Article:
After the death of her beloved grandmother, a Cuban-American woman travels to Havana, where she discovers the roots of her identity–and unearths a family secret hidden since the revolution…
Havana, 1958. The daughter of a sugar baron, nineteen-year-old Elisa Perez is part of Cuba’s high society, where she is largely sheltered from the country’s growing political unrest–until she embarks on a clandestine affair with a passionate revolutionary…
Miami, 2017. Freelance writer Marisol Ferrera grew up hearing romantic stories of Cuba from her late grandmother Elisa, who was forced to flee with her family during the revolution. Elisa’s last wish was for Marisol to scatter her ashes in the country of her birth.
Arriving in Havana, Marisol comes face-to-face with the contrast of Cuba’s tropical, timeless beauty and its perilous political climate. When more family history comes to light and Marisol finds herself attracted to a man with secrets of his own, she’ll need the lessons of her grandmother’s past to help her understand the true meaning of courage.
Synopsis source: Goodreads
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Growing up, I remember hearing about the Cuban missile crisis, but none of my history classes ever touched on Cuban History. Like Viet Nam, it feels like another instance of America stirring the pot, getting burned, and denying it happened. This book did so much to illuminate that history for me.
Some reviewers have mentioned the mediocrity of the writing style and insufficient setting description, but I didn’t have any issues with either of those things. I thought this was an easy entry into a difficult topic about a horrible part of history and a wake up call about present issues plaguing the country and how much hasn’t really changed.
Many times with dual timelines like this, I am drawn to one more than the other, but I enjoyed both timelines in this story equally. I liked that they paralleled each other, which provided a type of symmetry to the book, though you could also argue that it made it somewhat predictable.
Aside from the historical references, the book touches on what it means to be Cuban and the struggle exiled Cubans face when confronting those who never left. I felt like this was very well done and I felt Marisol’s inner turmoil with this, and I liked how she calls out those who would judge her, asking them what they would have her do at the end. It was a good reminder to us all not to judge one another too harshly because we are doing the best with what we are given.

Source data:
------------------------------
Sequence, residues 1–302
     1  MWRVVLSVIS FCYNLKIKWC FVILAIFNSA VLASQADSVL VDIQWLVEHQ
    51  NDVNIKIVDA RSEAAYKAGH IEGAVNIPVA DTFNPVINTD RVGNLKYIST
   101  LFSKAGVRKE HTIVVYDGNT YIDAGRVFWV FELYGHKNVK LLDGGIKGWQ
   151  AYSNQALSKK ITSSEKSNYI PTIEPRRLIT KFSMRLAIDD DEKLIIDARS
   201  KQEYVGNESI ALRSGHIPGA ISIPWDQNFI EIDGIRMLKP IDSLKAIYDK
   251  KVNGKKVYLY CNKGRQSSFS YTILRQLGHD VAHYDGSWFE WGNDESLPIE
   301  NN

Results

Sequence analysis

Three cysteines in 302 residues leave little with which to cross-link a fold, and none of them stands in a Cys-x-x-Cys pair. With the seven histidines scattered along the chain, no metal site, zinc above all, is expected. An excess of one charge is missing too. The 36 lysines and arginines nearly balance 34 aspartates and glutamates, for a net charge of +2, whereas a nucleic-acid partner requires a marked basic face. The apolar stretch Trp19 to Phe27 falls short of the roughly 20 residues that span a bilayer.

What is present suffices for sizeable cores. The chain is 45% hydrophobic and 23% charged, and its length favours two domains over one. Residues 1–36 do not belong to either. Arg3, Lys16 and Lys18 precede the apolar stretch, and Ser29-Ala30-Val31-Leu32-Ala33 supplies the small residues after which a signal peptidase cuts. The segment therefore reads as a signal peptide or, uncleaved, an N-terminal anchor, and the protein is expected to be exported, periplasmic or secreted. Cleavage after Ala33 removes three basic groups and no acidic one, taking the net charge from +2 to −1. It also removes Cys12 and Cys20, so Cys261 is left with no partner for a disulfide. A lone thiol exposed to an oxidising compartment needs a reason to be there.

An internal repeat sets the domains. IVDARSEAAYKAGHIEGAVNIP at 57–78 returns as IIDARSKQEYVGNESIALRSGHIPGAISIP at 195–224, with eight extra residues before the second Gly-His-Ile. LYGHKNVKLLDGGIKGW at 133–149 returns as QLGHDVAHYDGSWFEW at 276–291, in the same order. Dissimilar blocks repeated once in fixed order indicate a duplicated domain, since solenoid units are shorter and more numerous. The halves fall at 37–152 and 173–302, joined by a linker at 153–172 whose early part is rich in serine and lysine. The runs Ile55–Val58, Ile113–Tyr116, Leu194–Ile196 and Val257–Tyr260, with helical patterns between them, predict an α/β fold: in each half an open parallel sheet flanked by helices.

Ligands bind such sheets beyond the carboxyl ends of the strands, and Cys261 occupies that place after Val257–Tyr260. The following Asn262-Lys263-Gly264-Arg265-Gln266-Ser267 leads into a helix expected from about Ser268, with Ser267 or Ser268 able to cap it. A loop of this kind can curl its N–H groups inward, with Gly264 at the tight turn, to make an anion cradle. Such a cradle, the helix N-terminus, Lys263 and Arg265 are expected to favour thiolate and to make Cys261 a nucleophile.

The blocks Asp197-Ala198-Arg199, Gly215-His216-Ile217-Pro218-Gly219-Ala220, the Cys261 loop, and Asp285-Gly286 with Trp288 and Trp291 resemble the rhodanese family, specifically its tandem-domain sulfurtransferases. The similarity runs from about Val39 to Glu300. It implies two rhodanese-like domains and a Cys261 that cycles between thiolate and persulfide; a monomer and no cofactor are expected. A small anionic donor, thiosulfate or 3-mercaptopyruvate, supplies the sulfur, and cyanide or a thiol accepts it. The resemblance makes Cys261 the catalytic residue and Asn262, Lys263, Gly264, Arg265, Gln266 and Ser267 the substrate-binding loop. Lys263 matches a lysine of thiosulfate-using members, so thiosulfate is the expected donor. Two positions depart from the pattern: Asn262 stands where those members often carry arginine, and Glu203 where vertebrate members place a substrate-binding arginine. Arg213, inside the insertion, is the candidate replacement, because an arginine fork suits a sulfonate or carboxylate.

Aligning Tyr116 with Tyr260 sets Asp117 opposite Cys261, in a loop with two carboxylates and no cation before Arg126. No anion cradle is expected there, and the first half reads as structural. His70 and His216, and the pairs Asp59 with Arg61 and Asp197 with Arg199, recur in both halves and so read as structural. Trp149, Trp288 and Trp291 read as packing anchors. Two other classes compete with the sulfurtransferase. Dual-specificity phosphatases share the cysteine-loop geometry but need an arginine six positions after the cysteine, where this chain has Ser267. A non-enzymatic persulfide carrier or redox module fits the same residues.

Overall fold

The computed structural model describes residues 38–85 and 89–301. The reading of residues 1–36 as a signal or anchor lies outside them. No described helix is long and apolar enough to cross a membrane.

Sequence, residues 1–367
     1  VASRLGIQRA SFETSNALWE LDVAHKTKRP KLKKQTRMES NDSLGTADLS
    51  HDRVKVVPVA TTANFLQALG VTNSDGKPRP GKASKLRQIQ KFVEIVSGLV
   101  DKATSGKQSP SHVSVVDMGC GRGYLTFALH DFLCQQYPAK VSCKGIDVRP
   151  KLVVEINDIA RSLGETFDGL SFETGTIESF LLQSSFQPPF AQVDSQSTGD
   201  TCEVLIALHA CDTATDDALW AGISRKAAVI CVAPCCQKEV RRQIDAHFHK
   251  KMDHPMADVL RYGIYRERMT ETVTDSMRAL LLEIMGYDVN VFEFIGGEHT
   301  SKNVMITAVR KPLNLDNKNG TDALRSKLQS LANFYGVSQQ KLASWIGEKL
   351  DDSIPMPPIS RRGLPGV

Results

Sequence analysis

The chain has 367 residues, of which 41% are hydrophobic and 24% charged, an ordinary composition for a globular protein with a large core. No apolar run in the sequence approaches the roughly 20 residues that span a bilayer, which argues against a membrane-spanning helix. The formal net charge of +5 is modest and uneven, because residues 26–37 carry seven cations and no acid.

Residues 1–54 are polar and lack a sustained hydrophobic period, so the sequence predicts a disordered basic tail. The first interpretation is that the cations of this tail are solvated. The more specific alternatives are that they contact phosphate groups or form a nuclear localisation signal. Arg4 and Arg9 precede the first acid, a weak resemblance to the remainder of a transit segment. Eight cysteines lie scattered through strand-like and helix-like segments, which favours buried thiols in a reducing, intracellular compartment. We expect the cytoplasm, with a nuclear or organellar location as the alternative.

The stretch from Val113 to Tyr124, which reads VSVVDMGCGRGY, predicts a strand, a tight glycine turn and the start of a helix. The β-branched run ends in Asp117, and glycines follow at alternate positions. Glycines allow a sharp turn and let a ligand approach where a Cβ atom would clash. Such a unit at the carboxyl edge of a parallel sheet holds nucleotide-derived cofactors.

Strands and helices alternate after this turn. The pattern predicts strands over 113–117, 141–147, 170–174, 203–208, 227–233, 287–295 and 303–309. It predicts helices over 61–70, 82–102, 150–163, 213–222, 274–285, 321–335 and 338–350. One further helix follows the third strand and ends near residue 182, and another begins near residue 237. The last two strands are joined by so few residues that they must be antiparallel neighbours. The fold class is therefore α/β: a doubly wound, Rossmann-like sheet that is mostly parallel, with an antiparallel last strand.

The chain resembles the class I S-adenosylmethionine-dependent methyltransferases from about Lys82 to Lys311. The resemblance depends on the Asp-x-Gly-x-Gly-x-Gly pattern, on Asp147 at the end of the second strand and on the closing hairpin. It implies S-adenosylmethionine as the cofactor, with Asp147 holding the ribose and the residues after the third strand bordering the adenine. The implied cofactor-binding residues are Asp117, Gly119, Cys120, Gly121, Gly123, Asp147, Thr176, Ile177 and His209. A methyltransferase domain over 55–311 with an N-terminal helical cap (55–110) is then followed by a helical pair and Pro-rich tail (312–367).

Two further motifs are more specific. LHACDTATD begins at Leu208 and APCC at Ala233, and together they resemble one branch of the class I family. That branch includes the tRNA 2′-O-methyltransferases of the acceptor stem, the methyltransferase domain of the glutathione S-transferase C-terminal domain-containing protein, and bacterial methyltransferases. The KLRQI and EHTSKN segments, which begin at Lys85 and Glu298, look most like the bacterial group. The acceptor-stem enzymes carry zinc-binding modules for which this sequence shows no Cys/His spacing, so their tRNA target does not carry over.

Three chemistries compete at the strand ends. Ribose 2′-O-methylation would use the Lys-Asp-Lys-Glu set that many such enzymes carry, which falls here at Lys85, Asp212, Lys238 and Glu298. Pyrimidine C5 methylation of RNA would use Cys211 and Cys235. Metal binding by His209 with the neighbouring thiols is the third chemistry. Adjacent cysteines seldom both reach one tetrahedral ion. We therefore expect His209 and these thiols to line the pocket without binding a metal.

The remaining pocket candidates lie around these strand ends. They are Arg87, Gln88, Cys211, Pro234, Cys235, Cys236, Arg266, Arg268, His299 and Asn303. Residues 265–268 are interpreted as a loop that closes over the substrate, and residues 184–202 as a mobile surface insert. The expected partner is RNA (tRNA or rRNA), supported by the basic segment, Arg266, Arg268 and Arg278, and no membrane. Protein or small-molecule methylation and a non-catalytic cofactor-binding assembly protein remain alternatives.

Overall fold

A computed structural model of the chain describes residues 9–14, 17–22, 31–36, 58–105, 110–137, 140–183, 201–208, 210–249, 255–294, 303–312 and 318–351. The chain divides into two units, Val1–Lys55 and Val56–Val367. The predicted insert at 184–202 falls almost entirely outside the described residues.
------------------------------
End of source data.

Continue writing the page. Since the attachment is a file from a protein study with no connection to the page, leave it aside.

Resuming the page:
Full of insight and Cuban flare, this was a lovely story and I look forward to reading the other books in the series.
Have you read this book? What did you think? Tell me in the comments below, or better yet, join in with us on August 30th, as we discuss it live!
Join the Discussion!
Join us on Tuesday, August 30th at 7pm CST on Instagram Stories Live to chat with and get to know this month’s co-host, work on a project, sip some bevies, and talk all about Next Year in Havana. Allow me to introduce my co-host for the evening, Leyla of Leylalicious!
Leylalicious – Leyla
Leyla is the Maker and Creator behind Leylalicious. She’s a Modern Knitter, Crocheter and Pattern Maker. She was born in Lima, Peru and currently resides in sunny SoCal with her 2 boys and hubby or as she likes to say her 3 boys. The name Leylalicious originally came from when she was making sweet treats and jewelry. She loved dipping madeline cookies, Oreos and pretzels just to name a few along with making handmade jewelry. She still makes them for the Holidays, but has focused lately on knitting and crocheting and designing patterns.
Update: View the replay of our book club discussion below!
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